Having never read Vonnegut before, I wasn't sure what to expect from this book. The title led me to expect some degree of science fiction. What I found was a collection of rich, wonderfully written stories about a wide assortment of subjects. Vonnegut is a great writer, pure and simple. Many of the stories dealt with the future and the state of society, and Vonnegut struck me as having a somewhat cynical yet witty view of the subject. I found the themes of his stories to be somewhat akin to my own fears of life as we will some day know it, in a world where the government attempts to create utopia on earth. Two of the more memorable stories found in these pages are "Harrison Bergeron" and "Welcome to the Monkey House." In the first story, we find the type of society that I fear the most, a socialist republic where all people are required to be equal; those who possess intelligence and pose the danger of actually thinking are controlled by implants which forcefully disallow any thought from entering their minds. In the latter, we find a Malthusian world of overpopulation where everyone takes pills to numb the lower halves of their bodies and people are encouraged to come to Federal Ethical Suicide Parlors and voluntarily remove themselves from the crowded world. Other stories deal with massive overpopulation troubles.
On the other hand, we find more simplistic stories in which Vonnegut conveys individuals in a deep, touching light, striking great chords of sympathy in this reader's mind. A woman who is obsessed with redecorating the houses of her neighbors yet cannot afford to buy decent furniture for her own house; a young woman who comes to a strange town, captivates everyone with her beauty, is criticized and publicly humiliated by a young man for being the kind of girl he could never win the heart of, and is richly shown to be an innocent, lonely soul; a teen who acts horribly because he has never had a real family but is saved from a life of crime by a teacher who makes the grand effort to save the boy--these are some of the many subjects dealt with by the author. There is even a heartfelt story about a young Russian and young American who are killed in space but who inspire understanding and détente between the two superpowers by bringing home the point that they were both young men with families who loved them and who had no desire for anything but peace--written during the height of the Cold War, that story really stood out to me.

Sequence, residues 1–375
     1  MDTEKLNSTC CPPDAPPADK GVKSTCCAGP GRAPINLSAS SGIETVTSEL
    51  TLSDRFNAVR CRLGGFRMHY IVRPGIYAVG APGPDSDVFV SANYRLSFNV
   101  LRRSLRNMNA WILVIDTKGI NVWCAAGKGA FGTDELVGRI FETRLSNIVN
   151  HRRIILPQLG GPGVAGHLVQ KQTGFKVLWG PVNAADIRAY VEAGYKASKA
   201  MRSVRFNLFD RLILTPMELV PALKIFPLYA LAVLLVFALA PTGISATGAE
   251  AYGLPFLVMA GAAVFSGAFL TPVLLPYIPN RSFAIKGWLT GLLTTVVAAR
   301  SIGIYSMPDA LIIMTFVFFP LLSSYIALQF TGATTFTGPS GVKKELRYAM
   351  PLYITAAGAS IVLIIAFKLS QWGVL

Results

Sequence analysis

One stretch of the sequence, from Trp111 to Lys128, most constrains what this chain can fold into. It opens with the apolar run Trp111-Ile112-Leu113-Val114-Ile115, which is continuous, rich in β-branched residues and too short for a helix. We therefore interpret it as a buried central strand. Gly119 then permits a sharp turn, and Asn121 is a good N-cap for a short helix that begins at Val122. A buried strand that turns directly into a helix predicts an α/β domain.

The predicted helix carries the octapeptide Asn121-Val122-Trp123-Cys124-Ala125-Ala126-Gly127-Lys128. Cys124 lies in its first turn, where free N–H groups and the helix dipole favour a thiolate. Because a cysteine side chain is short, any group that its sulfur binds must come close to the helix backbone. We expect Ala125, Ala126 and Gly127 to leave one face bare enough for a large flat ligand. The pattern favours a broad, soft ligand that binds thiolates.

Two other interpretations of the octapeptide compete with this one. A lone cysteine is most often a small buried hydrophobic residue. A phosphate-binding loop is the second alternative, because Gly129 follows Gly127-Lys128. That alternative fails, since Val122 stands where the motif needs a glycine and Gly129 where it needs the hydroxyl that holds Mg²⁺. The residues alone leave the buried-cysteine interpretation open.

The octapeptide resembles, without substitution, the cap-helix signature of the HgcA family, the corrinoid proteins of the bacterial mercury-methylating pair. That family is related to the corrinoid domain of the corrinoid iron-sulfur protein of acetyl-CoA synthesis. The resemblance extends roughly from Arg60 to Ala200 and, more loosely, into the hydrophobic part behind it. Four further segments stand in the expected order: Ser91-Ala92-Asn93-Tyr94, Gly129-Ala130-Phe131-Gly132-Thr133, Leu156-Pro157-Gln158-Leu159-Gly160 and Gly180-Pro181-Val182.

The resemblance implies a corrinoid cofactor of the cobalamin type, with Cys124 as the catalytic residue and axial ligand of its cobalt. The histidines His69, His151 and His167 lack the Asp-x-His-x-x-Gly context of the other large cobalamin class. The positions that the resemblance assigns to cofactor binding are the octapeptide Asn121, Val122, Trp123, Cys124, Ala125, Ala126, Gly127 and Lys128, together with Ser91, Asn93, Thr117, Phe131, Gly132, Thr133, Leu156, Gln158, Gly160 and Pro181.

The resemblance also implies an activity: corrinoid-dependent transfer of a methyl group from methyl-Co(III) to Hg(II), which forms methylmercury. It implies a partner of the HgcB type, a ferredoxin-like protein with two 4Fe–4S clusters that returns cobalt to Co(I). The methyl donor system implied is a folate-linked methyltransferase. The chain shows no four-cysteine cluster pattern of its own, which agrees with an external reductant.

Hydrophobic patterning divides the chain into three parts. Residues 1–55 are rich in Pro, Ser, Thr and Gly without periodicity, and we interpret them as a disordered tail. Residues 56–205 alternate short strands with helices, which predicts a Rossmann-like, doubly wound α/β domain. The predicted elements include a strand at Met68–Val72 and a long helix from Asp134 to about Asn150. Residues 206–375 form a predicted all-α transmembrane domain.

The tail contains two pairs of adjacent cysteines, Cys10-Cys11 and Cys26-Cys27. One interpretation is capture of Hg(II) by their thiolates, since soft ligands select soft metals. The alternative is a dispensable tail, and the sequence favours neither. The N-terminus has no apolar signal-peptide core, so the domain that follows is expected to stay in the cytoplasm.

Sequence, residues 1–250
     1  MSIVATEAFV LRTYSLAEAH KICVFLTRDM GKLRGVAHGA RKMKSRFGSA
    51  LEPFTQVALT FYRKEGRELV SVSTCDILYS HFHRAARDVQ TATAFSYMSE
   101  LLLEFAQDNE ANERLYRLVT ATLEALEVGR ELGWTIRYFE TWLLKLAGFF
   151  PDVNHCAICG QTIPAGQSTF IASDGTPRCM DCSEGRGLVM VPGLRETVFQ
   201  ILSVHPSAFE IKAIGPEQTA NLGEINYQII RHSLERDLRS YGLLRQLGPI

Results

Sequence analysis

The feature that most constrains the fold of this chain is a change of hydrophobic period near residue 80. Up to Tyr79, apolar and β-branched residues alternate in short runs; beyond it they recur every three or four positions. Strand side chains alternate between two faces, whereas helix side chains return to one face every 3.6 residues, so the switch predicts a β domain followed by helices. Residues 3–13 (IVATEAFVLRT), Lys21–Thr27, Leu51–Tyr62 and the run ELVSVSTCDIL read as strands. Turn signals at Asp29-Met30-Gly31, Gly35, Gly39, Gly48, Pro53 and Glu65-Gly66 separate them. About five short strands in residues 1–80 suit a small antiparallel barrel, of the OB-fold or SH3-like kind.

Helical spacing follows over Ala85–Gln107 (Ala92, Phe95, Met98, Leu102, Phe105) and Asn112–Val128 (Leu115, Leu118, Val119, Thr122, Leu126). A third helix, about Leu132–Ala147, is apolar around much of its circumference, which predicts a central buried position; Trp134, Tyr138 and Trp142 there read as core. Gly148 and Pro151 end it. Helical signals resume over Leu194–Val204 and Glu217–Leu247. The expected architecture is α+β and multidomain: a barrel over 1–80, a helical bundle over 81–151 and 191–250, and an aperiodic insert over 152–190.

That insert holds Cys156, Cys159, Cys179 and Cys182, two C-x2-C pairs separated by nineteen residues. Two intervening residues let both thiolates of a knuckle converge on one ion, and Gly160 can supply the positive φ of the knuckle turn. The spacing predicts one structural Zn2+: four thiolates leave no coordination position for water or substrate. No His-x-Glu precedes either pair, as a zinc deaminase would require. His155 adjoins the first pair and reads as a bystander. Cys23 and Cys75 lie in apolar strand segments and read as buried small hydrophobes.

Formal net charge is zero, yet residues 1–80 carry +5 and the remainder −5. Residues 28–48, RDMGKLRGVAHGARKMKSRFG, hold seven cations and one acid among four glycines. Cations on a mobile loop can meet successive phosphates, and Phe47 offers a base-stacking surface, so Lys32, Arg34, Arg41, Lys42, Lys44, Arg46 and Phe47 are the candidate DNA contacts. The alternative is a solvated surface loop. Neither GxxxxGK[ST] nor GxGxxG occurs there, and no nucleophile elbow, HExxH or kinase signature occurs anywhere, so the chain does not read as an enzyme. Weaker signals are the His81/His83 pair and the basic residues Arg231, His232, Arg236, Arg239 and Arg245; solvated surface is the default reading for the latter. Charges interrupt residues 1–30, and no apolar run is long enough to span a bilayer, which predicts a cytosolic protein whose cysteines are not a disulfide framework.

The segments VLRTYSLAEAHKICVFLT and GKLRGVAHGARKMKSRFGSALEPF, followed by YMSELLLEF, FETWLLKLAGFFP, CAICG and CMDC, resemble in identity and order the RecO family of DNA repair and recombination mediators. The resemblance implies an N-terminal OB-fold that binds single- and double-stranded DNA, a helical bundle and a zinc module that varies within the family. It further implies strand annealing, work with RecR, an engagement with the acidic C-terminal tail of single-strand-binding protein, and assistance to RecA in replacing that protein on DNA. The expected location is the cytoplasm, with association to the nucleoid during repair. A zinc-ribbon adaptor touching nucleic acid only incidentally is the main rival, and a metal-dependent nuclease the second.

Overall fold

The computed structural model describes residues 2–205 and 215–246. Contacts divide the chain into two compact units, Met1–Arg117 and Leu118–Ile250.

All of the stories are not eminently satisfying to me, but the lion's share of them are; a couple of stories seemed to have been written for no other reason but to make the author some money, which is okay (especially since Vonnegut introduces the stories by saying he wrote them in order to finance his novel-writing endeavors). I may have been less than satisfied by a couple of stories, but even the worst of the lot was written wonderfully and obviously with much care, and I daresay that few writers could do better on their best day than Vonnegut does on his worst. Sometimes, as one ages, one fears that he will eventually have read all of the best books in the world, but then one discovers an author such as Kurt Vonnegut, Jr., and it is one of the best and most exciting things that can happen to that person.